The researchers who studied the German and Austrian patients, led by clotting expert Andreas Greinacher of the University of Greifswald, had initially called the syndrome vaccine-induced prothrombotic immune thrombocytopenia; both teams now suggest a slightly simpler name: vaccine-induced immune thrombotic thrombocytopenia (VITT).

In their paper, Greinacher and his colleagues also speculate about a possible mechanism. Vaxzevria consists of an adenovirus engineered to infect cells and prompt them to produce the virus’ spike protein. Among the 50 billion or so virus particles in each dose, some may break apart and release their DNA, Greinacher says. Like heparin, DNA is negatively charged, which would help bind it to PF4, which has a positive charge. The complex might then trigger the production of antibodies, especially when the immune system is already on high alert because of the vaccine. An immune reaction to extracellular DNA is part of an ancient immune defense triggered by severe infection or injury, Greinacher notes, and free DNA itself can signal the body to increase blood coagulation.

Alternatively, the antibodies may already be present in the patients and the vaccine may just boost them. Many healthy people harbor such antibodies against PF4, but they are kept in check by an immune mechanism called peripheral tolerance, says Gowthami Arepally, a hematologist at the Duke University School of Medicine who is working as an external consultant with AstraZeneca on the issue. “When you get vaccinated, sometimes the mechanisms of peripheral tolerance get disrupted,” she says. “When that happens, does that unleash any autoimmune syndromes that you are predisposed to, like HIT?”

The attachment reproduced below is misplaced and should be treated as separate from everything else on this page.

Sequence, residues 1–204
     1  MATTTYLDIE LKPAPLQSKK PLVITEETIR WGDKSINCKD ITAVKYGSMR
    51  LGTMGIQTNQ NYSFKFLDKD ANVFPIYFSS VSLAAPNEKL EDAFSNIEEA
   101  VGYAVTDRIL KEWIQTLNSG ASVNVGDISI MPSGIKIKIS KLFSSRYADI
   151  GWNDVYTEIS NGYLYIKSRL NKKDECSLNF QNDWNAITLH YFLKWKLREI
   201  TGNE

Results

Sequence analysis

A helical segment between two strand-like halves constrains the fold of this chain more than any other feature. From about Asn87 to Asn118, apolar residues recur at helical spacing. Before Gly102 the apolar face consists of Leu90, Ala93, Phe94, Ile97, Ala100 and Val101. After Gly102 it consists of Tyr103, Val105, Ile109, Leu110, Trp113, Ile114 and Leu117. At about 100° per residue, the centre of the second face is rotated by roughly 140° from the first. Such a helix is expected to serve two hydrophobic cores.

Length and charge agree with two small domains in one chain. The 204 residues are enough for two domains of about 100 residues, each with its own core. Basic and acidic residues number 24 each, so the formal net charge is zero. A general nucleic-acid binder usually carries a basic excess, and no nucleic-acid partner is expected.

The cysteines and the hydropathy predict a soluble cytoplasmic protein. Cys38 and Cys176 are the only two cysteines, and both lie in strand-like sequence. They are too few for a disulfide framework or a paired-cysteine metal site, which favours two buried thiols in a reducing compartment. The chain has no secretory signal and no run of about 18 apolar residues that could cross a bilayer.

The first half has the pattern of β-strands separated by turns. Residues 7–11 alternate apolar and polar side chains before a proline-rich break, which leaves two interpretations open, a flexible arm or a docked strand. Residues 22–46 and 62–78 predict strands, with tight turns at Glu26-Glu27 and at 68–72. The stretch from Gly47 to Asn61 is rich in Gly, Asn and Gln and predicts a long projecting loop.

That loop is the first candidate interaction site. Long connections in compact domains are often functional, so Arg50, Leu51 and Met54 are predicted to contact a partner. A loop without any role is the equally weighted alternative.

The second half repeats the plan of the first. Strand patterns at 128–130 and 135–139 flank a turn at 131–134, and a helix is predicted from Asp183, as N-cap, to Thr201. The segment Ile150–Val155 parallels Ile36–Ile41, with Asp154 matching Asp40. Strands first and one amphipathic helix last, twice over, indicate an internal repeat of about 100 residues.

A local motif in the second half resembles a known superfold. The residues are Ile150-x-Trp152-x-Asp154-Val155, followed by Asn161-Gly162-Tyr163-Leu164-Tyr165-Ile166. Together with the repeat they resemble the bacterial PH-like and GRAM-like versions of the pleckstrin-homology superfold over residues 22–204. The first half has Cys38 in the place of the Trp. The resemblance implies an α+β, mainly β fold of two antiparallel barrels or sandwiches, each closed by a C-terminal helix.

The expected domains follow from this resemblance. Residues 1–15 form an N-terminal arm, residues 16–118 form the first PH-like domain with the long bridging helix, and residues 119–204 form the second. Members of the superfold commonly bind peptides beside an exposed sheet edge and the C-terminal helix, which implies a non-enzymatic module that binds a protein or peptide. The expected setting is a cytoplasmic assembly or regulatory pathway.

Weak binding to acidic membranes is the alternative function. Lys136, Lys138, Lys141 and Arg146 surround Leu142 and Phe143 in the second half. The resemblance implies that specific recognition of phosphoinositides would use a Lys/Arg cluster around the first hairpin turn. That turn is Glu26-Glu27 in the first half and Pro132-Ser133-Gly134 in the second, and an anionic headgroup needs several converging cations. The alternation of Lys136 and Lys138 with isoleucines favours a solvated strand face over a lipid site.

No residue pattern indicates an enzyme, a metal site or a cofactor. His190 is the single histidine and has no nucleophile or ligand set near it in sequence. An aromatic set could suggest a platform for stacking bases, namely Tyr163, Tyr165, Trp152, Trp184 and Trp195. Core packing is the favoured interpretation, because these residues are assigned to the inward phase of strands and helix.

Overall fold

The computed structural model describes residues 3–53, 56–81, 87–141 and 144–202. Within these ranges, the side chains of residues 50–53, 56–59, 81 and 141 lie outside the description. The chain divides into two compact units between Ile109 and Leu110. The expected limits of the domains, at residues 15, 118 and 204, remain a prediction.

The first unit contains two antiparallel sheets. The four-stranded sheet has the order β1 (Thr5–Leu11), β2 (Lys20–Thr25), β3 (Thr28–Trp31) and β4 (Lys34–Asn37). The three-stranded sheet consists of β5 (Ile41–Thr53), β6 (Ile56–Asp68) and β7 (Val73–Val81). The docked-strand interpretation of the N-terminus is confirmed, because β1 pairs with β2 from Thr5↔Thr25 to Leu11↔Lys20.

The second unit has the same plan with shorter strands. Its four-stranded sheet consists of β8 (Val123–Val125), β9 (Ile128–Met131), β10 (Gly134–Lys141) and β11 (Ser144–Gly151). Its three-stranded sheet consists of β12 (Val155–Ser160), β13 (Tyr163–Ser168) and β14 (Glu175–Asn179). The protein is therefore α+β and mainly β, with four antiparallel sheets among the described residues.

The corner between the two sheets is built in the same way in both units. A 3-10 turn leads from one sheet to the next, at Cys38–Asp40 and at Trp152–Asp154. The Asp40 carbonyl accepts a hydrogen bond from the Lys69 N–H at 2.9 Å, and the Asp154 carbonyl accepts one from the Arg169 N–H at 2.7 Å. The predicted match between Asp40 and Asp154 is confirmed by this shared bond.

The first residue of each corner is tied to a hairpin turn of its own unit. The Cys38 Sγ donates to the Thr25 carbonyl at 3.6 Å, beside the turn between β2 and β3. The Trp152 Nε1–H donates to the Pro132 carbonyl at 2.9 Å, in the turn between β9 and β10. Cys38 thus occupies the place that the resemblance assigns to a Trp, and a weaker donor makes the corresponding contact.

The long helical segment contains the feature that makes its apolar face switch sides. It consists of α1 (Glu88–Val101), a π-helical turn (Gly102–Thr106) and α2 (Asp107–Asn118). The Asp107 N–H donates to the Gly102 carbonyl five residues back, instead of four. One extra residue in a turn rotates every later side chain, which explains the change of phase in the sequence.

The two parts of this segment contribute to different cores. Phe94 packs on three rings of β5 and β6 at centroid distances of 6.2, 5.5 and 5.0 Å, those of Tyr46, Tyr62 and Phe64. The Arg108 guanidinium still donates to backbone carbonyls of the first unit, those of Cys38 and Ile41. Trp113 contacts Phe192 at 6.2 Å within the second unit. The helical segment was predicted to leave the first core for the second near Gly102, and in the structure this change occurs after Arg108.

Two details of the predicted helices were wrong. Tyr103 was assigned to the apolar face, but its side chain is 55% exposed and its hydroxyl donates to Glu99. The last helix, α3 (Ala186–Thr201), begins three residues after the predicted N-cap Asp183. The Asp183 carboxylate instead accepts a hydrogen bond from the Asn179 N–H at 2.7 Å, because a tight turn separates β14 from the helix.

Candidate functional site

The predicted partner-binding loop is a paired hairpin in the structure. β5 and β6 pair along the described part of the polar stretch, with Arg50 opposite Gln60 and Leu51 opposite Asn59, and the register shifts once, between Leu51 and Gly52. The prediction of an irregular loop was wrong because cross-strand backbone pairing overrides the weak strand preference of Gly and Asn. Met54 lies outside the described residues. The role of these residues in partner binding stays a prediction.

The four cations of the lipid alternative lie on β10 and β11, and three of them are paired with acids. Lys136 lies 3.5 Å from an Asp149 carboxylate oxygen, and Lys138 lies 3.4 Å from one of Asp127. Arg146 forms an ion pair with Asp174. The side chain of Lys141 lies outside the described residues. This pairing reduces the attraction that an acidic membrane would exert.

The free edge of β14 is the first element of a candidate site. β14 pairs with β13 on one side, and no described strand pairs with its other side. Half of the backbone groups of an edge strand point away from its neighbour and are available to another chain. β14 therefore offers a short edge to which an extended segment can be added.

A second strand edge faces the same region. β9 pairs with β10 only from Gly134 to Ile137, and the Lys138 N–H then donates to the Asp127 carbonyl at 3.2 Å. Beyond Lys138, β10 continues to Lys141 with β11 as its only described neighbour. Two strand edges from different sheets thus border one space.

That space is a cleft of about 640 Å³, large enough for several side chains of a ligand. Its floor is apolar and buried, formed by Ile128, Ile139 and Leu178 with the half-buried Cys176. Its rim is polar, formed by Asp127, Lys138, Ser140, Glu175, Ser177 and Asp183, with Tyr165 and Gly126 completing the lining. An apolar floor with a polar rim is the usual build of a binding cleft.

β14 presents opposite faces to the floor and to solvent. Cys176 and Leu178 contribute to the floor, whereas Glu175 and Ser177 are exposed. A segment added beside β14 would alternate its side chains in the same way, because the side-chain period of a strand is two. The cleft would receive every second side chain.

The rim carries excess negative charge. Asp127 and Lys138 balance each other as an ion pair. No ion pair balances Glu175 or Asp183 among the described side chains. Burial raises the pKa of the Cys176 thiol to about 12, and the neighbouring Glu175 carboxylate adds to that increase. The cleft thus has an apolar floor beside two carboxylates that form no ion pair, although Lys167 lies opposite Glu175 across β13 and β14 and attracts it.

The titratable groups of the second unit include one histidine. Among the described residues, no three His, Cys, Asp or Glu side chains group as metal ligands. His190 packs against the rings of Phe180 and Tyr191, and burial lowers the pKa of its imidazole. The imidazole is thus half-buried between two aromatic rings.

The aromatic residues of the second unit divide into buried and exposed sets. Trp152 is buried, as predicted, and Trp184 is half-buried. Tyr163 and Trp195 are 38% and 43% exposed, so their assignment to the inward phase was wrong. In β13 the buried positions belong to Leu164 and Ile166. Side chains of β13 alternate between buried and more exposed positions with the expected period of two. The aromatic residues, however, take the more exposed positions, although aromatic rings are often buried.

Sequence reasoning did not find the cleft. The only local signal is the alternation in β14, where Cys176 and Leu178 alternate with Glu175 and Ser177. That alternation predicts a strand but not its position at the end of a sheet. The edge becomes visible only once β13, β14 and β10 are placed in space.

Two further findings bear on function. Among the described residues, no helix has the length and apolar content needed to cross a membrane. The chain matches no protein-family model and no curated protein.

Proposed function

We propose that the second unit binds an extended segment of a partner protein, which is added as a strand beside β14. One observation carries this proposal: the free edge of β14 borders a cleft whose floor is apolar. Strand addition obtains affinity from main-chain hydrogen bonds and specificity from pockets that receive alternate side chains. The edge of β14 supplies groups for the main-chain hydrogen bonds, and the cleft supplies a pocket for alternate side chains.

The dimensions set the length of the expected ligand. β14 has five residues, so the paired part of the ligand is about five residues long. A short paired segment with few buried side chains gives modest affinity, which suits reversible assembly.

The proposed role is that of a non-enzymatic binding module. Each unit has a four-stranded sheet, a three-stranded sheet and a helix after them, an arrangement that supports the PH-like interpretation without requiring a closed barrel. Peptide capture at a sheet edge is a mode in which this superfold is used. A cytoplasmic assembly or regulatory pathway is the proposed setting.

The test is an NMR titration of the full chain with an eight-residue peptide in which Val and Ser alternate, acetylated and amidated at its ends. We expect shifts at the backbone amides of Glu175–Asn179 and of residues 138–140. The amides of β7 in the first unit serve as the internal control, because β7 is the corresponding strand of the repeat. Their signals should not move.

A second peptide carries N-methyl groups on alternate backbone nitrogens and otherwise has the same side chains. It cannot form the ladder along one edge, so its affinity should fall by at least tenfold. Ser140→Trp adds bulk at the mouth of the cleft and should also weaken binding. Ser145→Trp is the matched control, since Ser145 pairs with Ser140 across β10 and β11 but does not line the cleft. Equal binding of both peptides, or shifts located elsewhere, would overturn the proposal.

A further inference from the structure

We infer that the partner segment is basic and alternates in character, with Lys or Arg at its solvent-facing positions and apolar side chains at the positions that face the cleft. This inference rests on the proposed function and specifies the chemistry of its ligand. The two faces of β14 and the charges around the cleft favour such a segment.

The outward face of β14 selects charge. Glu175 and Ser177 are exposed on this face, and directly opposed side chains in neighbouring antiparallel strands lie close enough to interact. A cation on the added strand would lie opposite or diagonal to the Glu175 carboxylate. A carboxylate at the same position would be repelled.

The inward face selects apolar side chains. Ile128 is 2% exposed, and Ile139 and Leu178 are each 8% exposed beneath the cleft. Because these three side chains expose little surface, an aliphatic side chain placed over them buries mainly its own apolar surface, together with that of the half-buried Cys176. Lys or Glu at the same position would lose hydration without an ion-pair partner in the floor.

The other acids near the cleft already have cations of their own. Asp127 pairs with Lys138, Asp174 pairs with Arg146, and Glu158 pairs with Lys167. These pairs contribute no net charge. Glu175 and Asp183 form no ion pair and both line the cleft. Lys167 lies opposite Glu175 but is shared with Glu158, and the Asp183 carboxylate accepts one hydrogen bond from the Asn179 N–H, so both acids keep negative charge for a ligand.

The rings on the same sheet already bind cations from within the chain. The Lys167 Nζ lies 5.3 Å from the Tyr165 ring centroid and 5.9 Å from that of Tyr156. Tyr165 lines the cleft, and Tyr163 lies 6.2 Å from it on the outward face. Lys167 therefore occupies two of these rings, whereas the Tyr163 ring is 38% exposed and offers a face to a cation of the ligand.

Early suggestions that the rare reactions may be the result of a COVID-19 infection before vaccination have not been substantiated. None of the five patients in Norway had been infected, for instance. Others have suggested that antibodies against the virus’ spike protein—which many vaccines seek to elicit—somehow cross-react with PF4. That could spell trouble for nearly all COVID-19 vaccines. But so far, there is no evidence that the messenger RNA–based vaccines made by the Pfizer-BioNtech collaboration and Moderna, which tens of millions of people have received, are causing similar clotting disorders.  

Pinpointing the mechanism is crucial to understanding whether other vaccines made from a modified adenovirus, which include those from Johnson & Johnson and CanSino Biologics, as well as Russia’s Sputnik V, do something similar.

The reported results in Europe are explaining only 16 cases, thus research needs to identify the others looking at iTTP, HUS, APS, ADAMTS13 and clotting factors congenital defect.